A more common medication is buprenorphine, an opioid partial agonist. The medication can produce opioid effects but the effects are less than a full opioid agonist such as heroin. Buprenorphine binds to opioid receptors in the brain and blocks the effects of other opioids that may be present in the bloodstream. Low doses allow addicts to stop misusing opioids without having withdrawal symptoms. If dosing is not heavily monitored, it can be easily abused.

Suboxone is one of the prescription formulas with buprenorphine and naloxone, medication used in Narcan. The daily medication is a digestible film that is dissolved under the tongue.

“We have patients who have been on it for years that say they don’t expect to ever get off this,” said Cheryle McCann, RN at GCASA. “As long as they have a prescriber who can take over for us, we don’t have a problem with that. It’s like someone who is on blood pressure medicine.”

However, finding a doctor who is willing to take a patient with a history of opioid dependence is difficult. There are currently three prescribers in the county.

“The biggest problem I see in our county right now is there are not many doctors in our community that will prescribe buprenorphine,” McCann said. “The DEA regulate buprenorphine more stringently than they regulate the prescribing of opioids. An opioid can be prescribed by a physician, nurse practitioner, physician assistant and dentist. But buprenorphine can only be prescribed by a physician.”

According to Bennett, about 35 percent of their patients struggle with Suboxone so they offer Vivitrol as another option. In the future, he would like to get the treatment facility licensed to be a methadone clinic.

“Medicated assisted treatments are misunderstood by communities,” Bennett said. “Law enforcement and judges don’t always believe patients are clean while on the treatments. We need to look at opiate patients like heart or diabetic patients and support their treatment. Patients with addiction have better compliance with medication than patients with other diseases.”


(Cheryle McCann and John Bennett of GCASA sit on the bench where patients receive their monthly Vivitrol shots.)

In addition to the medicated assisted treatment, countless meetings, counseling, advice from other recovering addicts and faith in God taught Brown how to live day to day and helped her set a good foundation.

“At the end of the day I’m still a recovering addict and one drug away from being high,” Brown said. “Any day clean is a miracle.”

Once Brown completed the 28-day rehab program, she went to Horizon Village, a long-term residential rehab center, for three months. From there she moved into Casa De Vita, a halfway house, and made friends who she could call on all hours of the day and night. This was the first time she realized her friends genuinely cared about her wellbeing. Her mom also started attending Nar-Anon, a support group for families struggling with addiction in Batavia, to learn how she could support her daughter’s recovery.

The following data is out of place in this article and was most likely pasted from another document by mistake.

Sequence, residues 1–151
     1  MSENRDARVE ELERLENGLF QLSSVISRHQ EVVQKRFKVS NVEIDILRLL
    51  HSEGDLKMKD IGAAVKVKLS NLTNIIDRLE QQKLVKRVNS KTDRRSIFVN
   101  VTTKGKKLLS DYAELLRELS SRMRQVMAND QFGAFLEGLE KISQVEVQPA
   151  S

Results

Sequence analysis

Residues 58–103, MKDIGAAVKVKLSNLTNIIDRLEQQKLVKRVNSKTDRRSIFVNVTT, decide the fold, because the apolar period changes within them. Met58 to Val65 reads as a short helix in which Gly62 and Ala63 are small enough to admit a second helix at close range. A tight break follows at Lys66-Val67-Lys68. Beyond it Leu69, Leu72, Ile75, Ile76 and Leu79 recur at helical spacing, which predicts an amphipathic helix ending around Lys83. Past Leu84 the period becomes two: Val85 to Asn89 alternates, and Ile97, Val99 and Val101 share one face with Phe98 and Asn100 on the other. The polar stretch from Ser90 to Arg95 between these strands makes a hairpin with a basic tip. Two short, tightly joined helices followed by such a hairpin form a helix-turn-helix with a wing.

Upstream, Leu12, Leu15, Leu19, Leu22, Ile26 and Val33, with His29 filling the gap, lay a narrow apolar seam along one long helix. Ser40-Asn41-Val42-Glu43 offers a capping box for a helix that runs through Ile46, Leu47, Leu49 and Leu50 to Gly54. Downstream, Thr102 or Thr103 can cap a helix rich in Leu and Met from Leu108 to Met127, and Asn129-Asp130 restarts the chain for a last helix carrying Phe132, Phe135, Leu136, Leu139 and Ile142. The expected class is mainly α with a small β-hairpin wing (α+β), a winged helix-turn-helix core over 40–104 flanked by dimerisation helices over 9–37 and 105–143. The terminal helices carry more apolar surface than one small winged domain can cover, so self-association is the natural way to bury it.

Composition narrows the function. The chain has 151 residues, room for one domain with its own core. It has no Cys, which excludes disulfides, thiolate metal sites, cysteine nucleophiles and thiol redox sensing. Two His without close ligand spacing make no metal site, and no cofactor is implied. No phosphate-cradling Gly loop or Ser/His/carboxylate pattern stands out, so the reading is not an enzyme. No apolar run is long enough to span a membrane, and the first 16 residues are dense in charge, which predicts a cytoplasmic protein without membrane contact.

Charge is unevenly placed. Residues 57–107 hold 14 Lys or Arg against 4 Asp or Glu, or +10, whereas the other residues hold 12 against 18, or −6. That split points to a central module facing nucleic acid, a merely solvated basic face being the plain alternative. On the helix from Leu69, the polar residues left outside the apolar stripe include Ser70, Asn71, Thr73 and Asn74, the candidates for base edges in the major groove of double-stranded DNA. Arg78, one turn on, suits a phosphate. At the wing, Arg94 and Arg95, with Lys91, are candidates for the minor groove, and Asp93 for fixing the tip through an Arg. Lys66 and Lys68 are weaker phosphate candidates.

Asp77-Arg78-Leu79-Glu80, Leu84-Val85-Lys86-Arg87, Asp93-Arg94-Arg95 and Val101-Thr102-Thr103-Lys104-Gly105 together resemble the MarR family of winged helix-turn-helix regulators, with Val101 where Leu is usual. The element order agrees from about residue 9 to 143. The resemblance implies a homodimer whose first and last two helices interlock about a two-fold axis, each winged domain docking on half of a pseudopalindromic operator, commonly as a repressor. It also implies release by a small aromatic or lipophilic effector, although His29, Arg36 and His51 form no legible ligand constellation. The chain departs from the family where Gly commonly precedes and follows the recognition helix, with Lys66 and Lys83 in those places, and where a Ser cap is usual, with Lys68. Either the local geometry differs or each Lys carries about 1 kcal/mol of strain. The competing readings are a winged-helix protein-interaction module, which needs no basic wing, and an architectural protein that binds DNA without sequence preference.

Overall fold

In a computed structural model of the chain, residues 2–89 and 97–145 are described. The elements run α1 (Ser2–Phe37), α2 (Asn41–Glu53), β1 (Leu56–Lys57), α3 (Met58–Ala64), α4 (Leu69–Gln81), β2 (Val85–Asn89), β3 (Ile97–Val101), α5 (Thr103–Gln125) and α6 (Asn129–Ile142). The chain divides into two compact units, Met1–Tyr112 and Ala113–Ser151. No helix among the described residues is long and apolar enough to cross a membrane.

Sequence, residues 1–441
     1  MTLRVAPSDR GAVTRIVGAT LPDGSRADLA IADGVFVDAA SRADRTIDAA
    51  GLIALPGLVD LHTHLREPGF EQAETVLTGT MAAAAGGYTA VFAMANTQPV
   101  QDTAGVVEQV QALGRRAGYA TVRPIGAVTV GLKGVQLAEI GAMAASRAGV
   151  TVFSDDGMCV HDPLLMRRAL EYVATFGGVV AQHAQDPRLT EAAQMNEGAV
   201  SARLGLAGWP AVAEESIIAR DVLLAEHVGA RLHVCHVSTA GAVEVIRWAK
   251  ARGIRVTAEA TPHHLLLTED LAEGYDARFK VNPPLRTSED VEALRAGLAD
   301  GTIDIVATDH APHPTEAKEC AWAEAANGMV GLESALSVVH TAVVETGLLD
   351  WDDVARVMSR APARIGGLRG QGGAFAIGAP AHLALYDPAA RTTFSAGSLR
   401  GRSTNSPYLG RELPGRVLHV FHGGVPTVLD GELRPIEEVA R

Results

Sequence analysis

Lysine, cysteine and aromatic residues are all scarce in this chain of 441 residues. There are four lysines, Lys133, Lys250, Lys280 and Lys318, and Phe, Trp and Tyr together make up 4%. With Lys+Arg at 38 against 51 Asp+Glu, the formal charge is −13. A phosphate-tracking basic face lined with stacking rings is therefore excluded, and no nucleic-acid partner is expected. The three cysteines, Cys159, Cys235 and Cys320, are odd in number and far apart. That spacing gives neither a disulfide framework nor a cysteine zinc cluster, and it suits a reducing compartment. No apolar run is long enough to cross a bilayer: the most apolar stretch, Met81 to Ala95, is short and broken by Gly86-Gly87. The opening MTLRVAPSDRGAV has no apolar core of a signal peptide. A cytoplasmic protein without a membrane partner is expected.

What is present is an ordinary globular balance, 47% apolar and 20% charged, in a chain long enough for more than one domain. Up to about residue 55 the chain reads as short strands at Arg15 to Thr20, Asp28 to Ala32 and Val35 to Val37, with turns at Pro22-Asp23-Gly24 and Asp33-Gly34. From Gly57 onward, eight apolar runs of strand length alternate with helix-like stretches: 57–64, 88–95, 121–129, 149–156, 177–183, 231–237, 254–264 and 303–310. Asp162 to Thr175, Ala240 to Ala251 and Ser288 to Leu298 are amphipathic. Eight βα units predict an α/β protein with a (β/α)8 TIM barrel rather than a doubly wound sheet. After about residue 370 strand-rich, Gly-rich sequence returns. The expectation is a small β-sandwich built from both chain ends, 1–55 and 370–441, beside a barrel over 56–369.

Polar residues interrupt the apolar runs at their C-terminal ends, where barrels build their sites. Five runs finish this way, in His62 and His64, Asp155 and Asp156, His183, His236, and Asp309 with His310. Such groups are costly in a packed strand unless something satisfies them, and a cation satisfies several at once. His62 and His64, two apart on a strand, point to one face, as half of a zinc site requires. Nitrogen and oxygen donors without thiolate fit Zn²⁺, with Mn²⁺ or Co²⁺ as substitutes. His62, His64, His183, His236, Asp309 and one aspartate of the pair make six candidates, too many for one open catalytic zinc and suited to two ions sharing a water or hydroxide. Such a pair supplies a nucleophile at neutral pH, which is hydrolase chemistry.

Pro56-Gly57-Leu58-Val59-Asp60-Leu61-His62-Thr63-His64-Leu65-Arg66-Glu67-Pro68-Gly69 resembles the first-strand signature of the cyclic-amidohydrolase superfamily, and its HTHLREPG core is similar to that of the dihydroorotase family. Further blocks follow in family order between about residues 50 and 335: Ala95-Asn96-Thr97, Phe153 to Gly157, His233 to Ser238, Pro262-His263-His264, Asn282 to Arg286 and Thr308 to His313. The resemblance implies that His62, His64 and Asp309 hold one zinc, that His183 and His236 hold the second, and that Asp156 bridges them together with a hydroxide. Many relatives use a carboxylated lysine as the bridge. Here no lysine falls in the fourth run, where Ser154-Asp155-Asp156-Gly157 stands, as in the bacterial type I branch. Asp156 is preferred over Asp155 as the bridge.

Miller and Donna Rose, a mother whose son is addicted to heroin, will be hosting a heroin town hall meeting for parents of addicts at 6:30 p.m. May 17 at  Genesee Community College. The meeting will focus on treatment costs and denial of insurance for recovering addicts.

“I learned nothing I do will cure her disease but I can choose for myself to stay healthy, supportive and loving,” Miller said. “Everyday I’m thankful that Jenna is alive and I try to learn something that will prevent someone else from using. We need more heroin awareness. People need to start understanding the disease instead of judging it.”

Support from family and friends has also been important for London’s recovery.

After completing a 28-day inpatient treatment program at Hope Haven and several months at Atwater, GCASA’s halfway house, London has been clean for seven months. He currently goes to meetings at Horizon Health Services once a week. His pregnant wife and circle of friends he met while in recovery have been significant motivators for him to not relapse.

“I want to be there for my daughter and not have to see her on a visiting floor in jail,” London said. “I don’t want her to see me under the influence of drugs or alcohol.”


​(Andrew London, a recovering alcoholic and opioid addict, has been clean for seven months.)

Brown is looking to the future, too. She recently moved in with her sponsor and is applying for full-time jobs – and looking for an apartment.

“I’m able to look people in the eyes today and be at peace with things that happened in my life,” Brown said. “The greatest thing today is I don’t want to get high and that gives me a feeling of gratitude because I thought that was how to make friends. Now I can love myself and take my flaws as they come.”

March 18, 2016 - 6:17pm
posted by Billie Owens in GCASA, news, batavia.

A person is stuck in an elevator at 430 E. Main St. in Batavia due to a power outage. City fire is responding. The location is GCASA.

October 25, 2013 - 7:14pm
posted by Daniel Crofts in Announcements, theater, GCC, GCASA.

Press release: